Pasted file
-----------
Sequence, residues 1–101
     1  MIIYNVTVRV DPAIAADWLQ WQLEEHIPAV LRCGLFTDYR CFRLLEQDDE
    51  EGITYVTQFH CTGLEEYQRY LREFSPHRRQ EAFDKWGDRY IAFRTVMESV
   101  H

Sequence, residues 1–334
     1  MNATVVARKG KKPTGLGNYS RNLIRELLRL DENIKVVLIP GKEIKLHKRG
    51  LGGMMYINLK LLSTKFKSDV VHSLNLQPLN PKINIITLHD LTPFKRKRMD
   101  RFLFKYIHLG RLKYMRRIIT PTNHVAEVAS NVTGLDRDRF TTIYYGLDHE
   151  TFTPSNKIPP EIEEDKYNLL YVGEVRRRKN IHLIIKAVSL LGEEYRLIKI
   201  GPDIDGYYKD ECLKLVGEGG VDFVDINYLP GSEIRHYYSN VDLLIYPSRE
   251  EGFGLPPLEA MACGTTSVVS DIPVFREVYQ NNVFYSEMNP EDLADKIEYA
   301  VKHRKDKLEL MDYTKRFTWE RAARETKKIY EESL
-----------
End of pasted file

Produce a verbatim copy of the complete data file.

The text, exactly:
Sequence, residues 1–101
     1  MIIYNVTVRV DPAIAADWLQ WQLEEHIPAV LRCGLFTDYR CFRLLEQDDE
    51  EGITYVTQFH CTGLEEYQRY LREFSPHRRQ EAFDKWGDRY IAFRTVMESV
   101  H

Sequence, residues 1–334
     1  MNATVVARKG KKPTGLGNYS RNLIRELLRL DENIKVVLIP GKEIKLHKRG
    51  LGGMMYINLK LLSTKFKSDV VHSLNLQPLN PKINIITLHD LTPFKRKRMD
   101  RFLFKYIHLG RLKYMRRIIT PTNHVAEVAS NVTGLDRDRF TTIYYGLDHE
   151  TFTPSNKIPP EIEEDKYNLL YVGEVRRRKN IHLIIKAVSL LGEEYRLIKI
   201  GPDIDGYYKD ECLKLVGEGG VDFVDINYLP GSEIRHYYSN VDLLIYPSRE
   251  EGFGLPPLEA MACGTTSVVS DIPVFREVYQ NNVFYSEMNP EDLADKIEYA
   301  VKHRKDKLEL MDYTKRFTWE RAARETKKIY EESL